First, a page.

- Redesigned for 2024 with a stiffer chassis and fresh looks
- Hatchback only; sedan has been discontinued
- Sporty RS trim level is one of just three available trims
The 2024 Subaru Impreza Is All-New, Improved and Hatchback Only
Is hatchback only really the way to go?
Since its introduction to the U.S. market 30 years ago, the Subaru Impreza has been a popular compact car for shoppers seeking performance — by way of the Impreza-based WRX — or for those simply desiring a car well suited for driving in inclement weather. Thanks to its standard all-wheel drive, the Impreza has had plenty of sway over this latter buying demographic. Now there's a redesigned 2024 Impreza that Subaru hopes will pique your interest.
This new generation of Impreza doesn't look radically different from its 2017-2023 predecessor but it does feature some key improvements. The underlying body structure is 10% stiffer than the outgoing model. That pays dividends in a smoother ride and more precise handling, Subaru says. There's also the addition of the larger 2.5-liter four-cylinder engine, which should go a long way toward improving the Impreza's drivability. Other changes for the 2024 Impreza include a hatchback-only lineup (a sedan is no longer offered) and a revised trim level structure that jettisons the Premium and Limited trims and introduces the RS as the top-of-the-line model.
More power for the 2024 Impreza
Lifting the hood on the new Impreza will reveal one of two possible engines. The Base and Sport trims sit below the new top-tier RS and come with a 2.0-liter four-cylinder making 152 horsepower and 145 lb-ft of torque. It is similar in output to the base engine in a Honda Civic hatchback but less powerful than the Civic's turbocharged upgrade engine or the 186-hp engine found in the Mazda 3 hatchback. Thankfully, the RS trim should equal things up. It gets a 2.5-liter four-cylinder engine that makes 182 hp and 178 lb-ft of torque. This is the same engine upgrade Subaru offers in its Crosstrek small SUV. Based on our time in the Crosstrek, we would heartily recommend the 2.5-liter over the 2.0-liter version.
Power from either engine is run through a continuously variable transmission (CVT) to the Impreza's standard all-wheel drive. Sport and RS models get a revised CVT that has eight programmed shift points and shift paddles to impart a more traditionally sportier driving experience. Subaru also says all Imprezas will use a version of the WRX's steering system for increased feel and accuracy. The RS trim further gets a sport-tuned suspension. A manual transmission is no longer offered on the Impreza, however.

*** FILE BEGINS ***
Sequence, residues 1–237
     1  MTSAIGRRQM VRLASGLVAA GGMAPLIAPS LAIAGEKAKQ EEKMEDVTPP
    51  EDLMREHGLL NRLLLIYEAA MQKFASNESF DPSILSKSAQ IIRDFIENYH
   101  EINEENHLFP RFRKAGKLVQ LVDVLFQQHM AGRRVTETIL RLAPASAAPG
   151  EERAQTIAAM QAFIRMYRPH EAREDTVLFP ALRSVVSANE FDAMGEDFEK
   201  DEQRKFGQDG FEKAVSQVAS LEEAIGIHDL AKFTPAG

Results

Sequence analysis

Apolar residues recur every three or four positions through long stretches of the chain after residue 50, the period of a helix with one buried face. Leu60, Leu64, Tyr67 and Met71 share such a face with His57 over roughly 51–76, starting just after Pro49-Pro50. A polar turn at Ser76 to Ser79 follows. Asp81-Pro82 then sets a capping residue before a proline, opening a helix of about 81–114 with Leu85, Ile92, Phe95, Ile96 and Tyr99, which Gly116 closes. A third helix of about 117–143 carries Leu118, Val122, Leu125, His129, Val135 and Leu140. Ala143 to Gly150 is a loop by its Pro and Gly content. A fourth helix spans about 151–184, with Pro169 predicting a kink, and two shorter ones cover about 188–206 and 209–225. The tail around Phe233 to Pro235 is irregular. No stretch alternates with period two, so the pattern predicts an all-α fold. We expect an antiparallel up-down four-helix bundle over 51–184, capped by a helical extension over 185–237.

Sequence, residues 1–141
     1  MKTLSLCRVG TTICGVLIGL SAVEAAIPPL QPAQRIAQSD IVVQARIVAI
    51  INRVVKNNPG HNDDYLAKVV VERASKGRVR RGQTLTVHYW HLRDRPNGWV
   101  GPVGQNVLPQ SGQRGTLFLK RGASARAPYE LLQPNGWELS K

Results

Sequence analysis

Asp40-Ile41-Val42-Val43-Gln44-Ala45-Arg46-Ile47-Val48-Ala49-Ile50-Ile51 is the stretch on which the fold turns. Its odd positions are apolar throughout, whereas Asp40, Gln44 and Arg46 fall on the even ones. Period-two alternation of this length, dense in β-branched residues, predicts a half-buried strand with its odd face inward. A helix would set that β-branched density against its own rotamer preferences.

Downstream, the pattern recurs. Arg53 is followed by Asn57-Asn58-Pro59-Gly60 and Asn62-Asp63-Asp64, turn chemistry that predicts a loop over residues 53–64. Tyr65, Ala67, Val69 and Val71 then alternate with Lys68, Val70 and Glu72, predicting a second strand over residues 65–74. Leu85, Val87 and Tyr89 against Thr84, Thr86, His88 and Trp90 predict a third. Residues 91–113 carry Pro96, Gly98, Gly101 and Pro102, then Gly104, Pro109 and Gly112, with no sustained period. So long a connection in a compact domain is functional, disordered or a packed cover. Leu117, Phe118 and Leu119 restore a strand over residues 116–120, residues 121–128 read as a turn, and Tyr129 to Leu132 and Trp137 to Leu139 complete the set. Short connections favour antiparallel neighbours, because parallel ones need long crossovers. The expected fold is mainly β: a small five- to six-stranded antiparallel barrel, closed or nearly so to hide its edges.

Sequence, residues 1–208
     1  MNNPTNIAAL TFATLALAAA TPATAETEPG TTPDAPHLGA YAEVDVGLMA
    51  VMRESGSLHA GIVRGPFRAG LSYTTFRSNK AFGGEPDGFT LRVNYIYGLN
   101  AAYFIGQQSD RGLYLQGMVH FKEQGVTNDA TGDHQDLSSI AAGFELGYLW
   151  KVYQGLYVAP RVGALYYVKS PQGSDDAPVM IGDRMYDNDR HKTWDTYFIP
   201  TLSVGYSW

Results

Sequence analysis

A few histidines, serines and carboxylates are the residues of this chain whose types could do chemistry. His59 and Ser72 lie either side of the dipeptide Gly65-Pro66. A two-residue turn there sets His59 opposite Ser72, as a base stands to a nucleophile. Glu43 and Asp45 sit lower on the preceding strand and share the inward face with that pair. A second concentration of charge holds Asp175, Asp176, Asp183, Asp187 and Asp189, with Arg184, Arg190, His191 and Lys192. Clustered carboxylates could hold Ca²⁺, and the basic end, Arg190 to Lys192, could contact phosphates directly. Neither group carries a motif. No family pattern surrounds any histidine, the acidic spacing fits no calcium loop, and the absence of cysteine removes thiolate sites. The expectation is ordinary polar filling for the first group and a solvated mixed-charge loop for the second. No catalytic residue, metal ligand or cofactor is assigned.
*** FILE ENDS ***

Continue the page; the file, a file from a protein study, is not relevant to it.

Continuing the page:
Interior updates follow suit from other Subies
Subaru has gone with a similar overall design as the previous-generation Impreza. That should be just fine as the previous model had easy-to-use controls, excellent outward visibility and adequate rear seat space for a small car. Subaru has discontinued the upscale Limited trim, however, so the Impreza will go without a leather interior for the foreseeable future.
There's a good amount of standard equipment, even on the Base trim level, which includes keyless entry and dual-zone climate control. The RS trim levels adds the option of a 10-way power-adjustable driver's seat as well as unique upholstery featuring red accents, as well as simulated carbon-fiber interior trim, a leather-wrapped steering wheel, heated front seats and rear USB charging ports.
Available in the Sport and RS models is Subaru's large 11.6-inch tablet-style infotainment screen. This contains controls for the climate control as well as other vehicle functions and offers integrated wireless smartphone connectivity for both Apple and Android phones. Over-the-air updates will also be available.
Subaru's latest version of EyeSight — that's what it calls its suite of advanced driver aids — is standard on all Impreza models. Improvements have been made to allow the systems to operate more quickly and in a greater range of conditions. The standard technologies still include adaptive cruise control, automatic emergency braking and lane departure mitigation. The available blind-spot warning system now has an intervention assist function that can automatically steer the car back into its lane if you try to change lanes while a car is in the vehicle's blind spot.
The 2024 Impreza should stay an inexpensive option
While full pricing details haven't been released by Subaru yet, we'd be surprised if this humble hatchback was much more expensive than the 2023 Impreza, which starts at just over $21,000. You'll be able to find the new hatchback-only 2024 Impreza in your local Subaru dealer this coming spring.
This newest generation doesn't represent much of a departure from the current Impreza. Improved handling, more refined advanced driver aids, a bigger touchscreen and a more powerful engine option are sure to keep the Impreza in the sweet spot for many Subaru buyers. But we also recommend keeping an eye on the competition. The Honda Civic hatchback is roomy and efficient, while the upscale Mazda 3 hatchback will tempt you with its available all-wheel drive and strong turbocharged engine option.